Somaliland Election: An account of a close observer

BY Mohamed Xariirad

October 12, 2005

The people of Somaliland, regardless of the naysayer apprehension that there would be no fair and free election in this internationally isolated infant nation has demonstrated a will of steel rooted on their determination to reclaim their independence from the quagmire in Somalia proper. They put their best foot forward to elect newly minted parliament soon to be sworn in. Now, that it is in place, the whole nation is eagerly expecting it to deliver the promised recognition and prosperity, not withstanding their party colours and tribal affiliation.

The government of Somaliland spearheaded by its cool headed president, Honourable Dahir Rayale Kahin as he promised to his people after he assumed the office pursued this long and tough democratization process with immense vigour. To the amazement of many he did not disappoint and the parliament election of Somaliland has just occurred out there, the world to see it, to complete the democratization circle. Even though it is not perfect, yet this endeavor sets a good example of how an indigenous peace process can set the wheels of democracy moving in the right direction. It helps the young and the elderly to contribute to their country's political direction through the ballot box (sack in this case).

This exercise was not painless. There were many pumps on the road leading to it. However, it was achieved on the visionary leadership of the president, hard work of his cabinet, nonpartisan election commission, support of the opposition party leaders and the never flailing will of the general public. My hat is off to you all, you made it possible! Cool heads have prevailed over the skeptical elements among us at the moment of need; differences were solved on the table rather than in the battle field and all political leaders have shown their maturity at sometime or the other.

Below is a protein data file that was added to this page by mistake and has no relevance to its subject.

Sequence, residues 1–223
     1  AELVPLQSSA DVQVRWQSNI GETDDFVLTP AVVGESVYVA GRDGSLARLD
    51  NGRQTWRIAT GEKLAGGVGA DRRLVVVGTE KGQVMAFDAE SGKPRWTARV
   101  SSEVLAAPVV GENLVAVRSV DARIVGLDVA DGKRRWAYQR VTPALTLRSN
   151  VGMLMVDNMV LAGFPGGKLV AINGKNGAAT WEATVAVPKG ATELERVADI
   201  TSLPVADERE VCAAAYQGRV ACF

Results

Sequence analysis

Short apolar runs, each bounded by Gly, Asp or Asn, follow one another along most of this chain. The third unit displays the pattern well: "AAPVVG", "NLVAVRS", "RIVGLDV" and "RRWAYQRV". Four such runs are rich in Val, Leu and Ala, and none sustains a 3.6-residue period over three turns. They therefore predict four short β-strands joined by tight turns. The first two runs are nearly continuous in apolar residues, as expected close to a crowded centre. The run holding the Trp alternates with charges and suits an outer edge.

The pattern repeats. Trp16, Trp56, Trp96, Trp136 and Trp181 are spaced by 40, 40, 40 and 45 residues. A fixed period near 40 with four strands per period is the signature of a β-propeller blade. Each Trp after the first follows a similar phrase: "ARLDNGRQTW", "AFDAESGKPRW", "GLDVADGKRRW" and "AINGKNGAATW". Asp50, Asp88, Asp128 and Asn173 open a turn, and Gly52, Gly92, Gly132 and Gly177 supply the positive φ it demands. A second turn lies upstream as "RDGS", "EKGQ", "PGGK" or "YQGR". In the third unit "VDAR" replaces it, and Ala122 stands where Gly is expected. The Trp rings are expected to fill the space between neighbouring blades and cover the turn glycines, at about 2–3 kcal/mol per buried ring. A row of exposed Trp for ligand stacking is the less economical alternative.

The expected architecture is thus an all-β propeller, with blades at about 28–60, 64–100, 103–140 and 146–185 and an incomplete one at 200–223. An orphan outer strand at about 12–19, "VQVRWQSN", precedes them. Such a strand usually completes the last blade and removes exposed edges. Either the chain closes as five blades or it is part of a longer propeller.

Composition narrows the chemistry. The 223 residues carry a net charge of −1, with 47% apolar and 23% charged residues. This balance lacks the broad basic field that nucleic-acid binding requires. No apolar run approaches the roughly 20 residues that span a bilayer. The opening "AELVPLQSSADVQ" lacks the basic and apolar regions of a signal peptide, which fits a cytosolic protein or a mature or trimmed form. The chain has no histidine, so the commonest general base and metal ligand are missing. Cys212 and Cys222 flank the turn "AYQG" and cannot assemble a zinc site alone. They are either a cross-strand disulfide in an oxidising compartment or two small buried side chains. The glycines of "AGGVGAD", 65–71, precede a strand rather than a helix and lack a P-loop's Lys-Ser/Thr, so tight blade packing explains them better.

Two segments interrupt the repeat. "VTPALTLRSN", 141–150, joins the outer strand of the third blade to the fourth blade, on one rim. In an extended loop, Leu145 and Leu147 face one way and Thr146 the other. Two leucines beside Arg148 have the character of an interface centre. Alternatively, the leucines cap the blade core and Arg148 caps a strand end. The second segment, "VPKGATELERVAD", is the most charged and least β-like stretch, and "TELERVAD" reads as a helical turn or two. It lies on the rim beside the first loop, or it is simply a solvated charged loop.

Having said that let me express my humble opinion about how the political parties and their leadership faired during the election campaign. Please, be advised that during the campaign electability criteria was not pegged on the candidate's or party's political agenda or plan but on some other issues such as: a) candidate's clan base or lineage b) loyalty to the leader or party c) individual economic power (Khat) d) personality e) education and past performance… etc. To say the least the following were traits of the parties and their leaders during the campaign:

As we are all aware of UDUB is the party in power in Somaliland. The president of the nation is also the leader of the party and it has had a deep rooted mass following among the people in all regions of Somaliland. Despite, its popularity the party did not do well in the election as was expected due to different reasons. To name a few of its short comings: Its campaign managers might have rested heavily on their past glory or they badly underestimated the tenacity, determination and cunningness of the opposition leaders. Additionally, the president did not show the energy required during the campaign in order to generate some momentum for his party. Similarly, the vice president created a faux pas of his own in Borama when he claimed, “it is a sin to get opposition members elected in Sahil and Awdal regions”. This might have cost his party a few seats in both those regions and elsewhere. On the top of all some cabinet ministers did not endear themselves to the electorate and there were alleged mismanagement in the preliminary candidate screening process that annoyed some of the traditionally loyal clans.